Dehydration is a simple problem, but it can have big health consequences, especially if your dog is consistently dehydrated. It’s best to stop dehydration in its tracks as early as possible to prevent it from causing other health issues.
Here are a few strategies to prevent dehydration in dogs:
Keep Fresh Water Available
It may sound obvious, but we’ve all been guilty of forgetting to refresh our dogs’ water bowl from time to time… Making sure your dog has access to fresh, clean water at all times will make him much more likely to stay hydrated. Changing the water and washing the bowl out frequently to keep your dog’s water supply clean and fresh can also help incentivize your dog to drink more water. Again, give your dog filtered or spring water rather than straight tap water.
Encourage Water Drinking
If you notice that your dog isn’t drinking enough water, there are a few things you can do to encourage him to stay hydrated. One simple trick is to add a small amount of broth (preferably homemade or low sodium) to his water bowl, or water from a can of salmon or tuna. The savory flavor can entice even the pickiest of drinkers, and the added electrolytes can help keep your dog hydrated.
You can also try offering ice cubes as a treat. Many dogs love the crunch of ice cubes and will happily slurp them up, getting a little extra hydration in the process.
Exposure to direct sunlight and high temperatures can quickly lead to dehydration and overheating. So if your dog is headed outside for some extended playtime, it’s important to make sure he has access to shade and a cool area to rest.
If you don’t have air conditioning in your home, you could consider investing in a cooling mat or bed. These specially designed beds use gel technology to keep your pup’s body temperature down, even on the hottest days.
Limit Exercise On Hot Weather Days
Exercising is important for your dog’s health and happiness, but you want to limit playtime when the temperature climbs. During the hottest part of the day, reduce exercise and outdoor playtime to avoid overheating and dehydration.
Instead, opt for early morning or late evening walks at cooler temperatures. And remember to never leave your dog in a car on a hot day, even for a few minutes. Even with the windows cracked, cars quickly heat up to dangerous levels, putting your dog at risk of heat stroke and dehydration.
RELATED: Can dogs get heat stroke?
How To Treat Dehydration In Dogs At Home
Sometimes hot weather can’t be avoided. Or maybe your dog just loves to exercise… Either way, there might be times where you simply can’t prevent a bit of dehydration.
Luckily, as long as it’s just an occasional and mild case, treating dehydration in dogs at home is relatively simple. If you suspect your dog might be dehydrated, here are some steps you can take to treat him at home:
- Give Small, Frequent Amounts Of Water
If your dog is dehydrated, it can be better to give him small amounts of water frequently to help rehydrate. If he’s not interested in drinking, you can use a syringe or dropper. Just remember to go slow to prevent choking.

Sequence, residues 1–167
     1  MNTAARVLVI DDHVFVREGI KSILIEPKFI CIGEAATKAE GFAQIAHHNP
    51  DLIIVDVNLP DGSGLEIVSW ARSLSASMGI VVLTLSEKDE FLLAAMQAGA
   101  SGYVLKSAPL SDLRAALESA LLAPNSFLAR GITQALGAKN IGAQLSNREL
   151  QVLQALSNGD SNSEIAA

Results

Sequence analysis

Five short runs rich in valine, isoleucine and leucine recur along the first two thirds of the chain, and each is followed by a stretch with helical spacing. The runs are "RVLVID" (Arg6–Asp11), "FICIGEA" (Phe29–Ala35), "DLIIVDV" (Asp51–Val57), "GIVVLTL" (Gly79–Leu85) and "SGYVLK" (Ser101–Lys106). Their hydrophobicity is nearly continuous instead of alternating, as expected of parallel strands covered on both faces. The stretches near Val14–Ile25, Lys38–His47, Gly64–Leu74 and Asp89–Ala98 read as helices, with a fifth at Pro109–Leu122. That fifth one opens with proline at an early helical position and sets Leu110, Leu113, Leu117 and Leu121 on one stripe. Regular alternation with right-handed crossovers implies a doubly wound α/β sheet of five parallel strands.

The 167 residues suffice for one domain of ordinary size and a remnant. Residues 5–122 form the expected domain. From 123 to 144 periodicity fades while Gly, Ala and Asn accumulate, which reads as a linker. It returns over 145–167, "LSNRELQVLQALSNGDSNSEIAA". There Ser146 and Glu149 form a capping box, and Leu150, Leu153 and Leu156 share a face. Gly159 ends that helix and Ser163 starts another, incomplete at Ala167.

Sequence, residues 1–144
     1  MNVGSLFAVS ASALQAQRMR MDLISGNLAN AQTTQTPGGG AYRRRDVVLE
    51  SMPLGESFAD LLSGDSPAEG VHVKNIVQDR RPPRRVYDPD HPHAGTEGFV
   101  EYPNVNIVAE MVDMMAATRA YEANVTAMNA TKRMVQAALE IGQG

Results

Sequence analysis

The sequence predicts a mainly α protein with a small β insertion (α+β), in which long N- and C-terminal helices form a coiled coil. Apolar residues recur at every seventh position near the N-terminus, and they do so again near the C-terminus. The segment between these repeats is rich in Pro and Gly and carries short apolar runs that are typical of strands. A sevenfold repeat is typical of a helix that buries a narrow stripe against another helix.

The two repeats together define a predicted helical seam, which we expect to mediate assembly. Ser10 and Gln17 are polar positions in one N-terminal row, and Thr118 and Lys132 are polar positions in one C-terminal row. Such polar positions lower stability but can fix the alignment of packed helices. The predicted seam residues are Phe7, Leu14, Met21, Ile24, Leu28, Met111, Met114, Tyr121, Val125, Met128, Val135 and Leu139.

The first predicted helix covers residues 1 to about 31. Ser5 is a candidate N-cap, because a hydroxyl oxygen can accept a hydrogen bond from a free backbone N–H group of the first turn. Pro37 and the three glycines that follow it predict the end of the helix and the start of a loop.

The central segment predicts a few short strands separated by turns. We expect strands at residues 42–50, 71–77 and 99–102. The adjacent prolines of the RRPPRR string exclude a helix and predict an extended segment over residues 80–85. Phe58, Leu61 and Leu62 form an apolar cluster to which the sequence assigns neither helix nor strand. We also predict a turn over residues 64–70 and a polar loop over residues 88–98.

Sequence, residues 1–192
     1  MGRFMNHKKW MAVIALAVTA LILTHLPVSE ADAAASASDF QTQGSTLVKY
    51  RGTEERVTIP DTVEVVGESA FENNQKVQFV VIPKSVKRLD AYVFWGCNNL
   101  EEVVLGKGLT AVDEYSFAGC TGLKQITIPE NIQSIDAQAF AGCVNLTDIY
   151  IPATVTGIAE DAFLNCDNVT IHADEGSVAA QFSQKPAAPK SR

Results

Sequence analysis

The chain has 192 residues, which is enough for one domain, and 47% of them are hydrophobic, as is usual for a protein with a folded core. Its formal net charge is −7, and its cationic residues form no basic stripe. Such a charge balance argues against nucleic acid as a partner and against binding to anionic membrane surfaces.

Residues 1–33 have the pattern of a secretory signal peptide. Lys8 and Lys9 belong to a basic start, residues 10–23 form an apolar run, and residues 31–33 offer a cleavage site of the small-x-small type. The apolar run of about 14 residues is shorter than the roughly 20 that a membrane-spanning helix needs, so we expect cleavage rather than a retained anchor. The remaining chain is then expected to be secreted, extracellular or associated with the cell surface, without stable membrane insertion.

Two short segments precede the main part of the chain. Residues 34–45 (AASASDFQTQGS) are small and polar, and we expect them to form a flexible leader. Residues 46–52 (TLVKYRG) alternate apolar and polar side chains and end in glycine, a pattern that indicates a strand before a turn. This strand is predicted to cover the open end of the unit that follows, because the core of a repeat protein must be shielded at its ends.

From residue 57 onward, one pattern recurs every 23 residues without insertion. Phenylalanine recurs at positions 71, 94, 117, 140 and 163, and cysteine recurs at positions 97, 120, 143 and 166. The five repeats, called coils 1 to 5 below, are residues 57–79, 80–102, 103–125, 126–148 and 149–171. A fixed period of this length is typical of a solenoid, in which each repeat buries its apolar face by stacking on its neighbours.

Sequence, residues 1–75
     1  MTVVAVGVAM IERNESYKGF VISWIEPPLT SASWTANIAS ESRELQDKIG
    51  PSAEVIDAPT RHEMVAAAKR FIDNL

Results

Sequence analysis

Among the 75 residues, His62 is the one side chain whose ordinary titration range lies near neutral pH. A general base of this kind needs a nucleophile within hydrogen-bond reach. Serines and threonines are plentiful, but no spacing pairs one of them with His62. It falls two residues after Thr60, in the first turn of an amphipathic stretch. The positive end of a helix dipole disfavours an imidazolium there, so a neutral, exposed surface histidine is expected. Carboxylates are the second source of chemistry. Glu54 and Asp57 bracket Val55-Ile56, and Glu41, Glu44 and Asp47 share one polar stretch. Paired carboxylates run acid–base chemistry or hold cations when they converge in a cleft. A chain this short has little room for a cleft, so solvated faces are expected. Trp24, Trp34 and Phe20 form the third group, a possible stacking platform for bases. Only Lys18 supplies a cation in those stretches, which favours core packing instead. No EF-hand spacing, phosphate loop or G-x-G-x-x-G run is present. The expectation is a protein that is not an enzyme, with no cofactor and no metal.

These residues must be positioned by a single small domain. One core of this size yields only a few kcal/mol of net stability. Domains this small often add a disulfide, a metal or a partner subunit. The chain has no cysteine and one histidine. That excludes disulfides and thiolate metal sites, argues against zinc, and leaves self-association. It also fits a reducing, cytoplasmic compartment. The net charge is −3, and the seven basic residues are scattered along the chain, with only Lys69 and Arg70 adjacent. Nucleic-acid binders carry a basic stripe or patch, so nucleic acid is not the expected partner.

- Feed Moisture-Rich Food
Raw food naturally contains a lot of water, which can help keep your dog hydrated and provide him with essential nutrients. If your dog’s eating kibble, you can try giving some canned food which contains much more water. You can also try adding a small amount of water to your dog’s dry food.
- Monitor Your Dog’s Progress
Keep a close eye on your dog’s hydration levels and monitor his progress. Keep track of how much water he’s drinking and how often he’s peeing. If your dog doesn’t seem to be improving or is showing signs of severe dehydration, it’s time to call your vet.
What To Do About Severe Dehydration In Dogs
Severe dehydration in dogs requires immediate veterinary attention. If your dog is experiencing severe dehydration, he may need intravenous or subcutaneous (sub-Q) fluids to rehydrate his body quickly.
Note: Intravenous fluids should only be given by your vet. But if your vet thinks sub-Q fluids are sufficient, she can give you a kit to take home, and teach you how to give the fluids to your dog.
Your vet can also perform diagnostic tests to determine the underlying cause of your dog’s dehydration. This way, you can manage any underlying health conditions or illnesses that may be contributing to your dog’s dehydration.
In some cases of severe dehydration in dogs, hospitalization might be necessary to monitor your dog’s hydration levels and ensure he’s receiving the necessary treatment and care.
Bottom Line | Dehydration In Dogs
Dehydration is a risk we all have to navigate. By monitoring your dog’s hydration levels, providing access to fresh water and shade, and seeking veterinary care when necessary, you can prevent and treat dehydration in dogs.
Just remember that dehydration in dogs can be life-threatening if untreated … so if you suspect your dog is chronically or severely dehydrated, book a visit with your vet.
Goucher TK, Hartzell AM, et al. Evaluation of skin turgor and capillary refill time as predictors of dehydration in exercising dogs. Am J Vet Res. 2019 Feb;80(2):123-128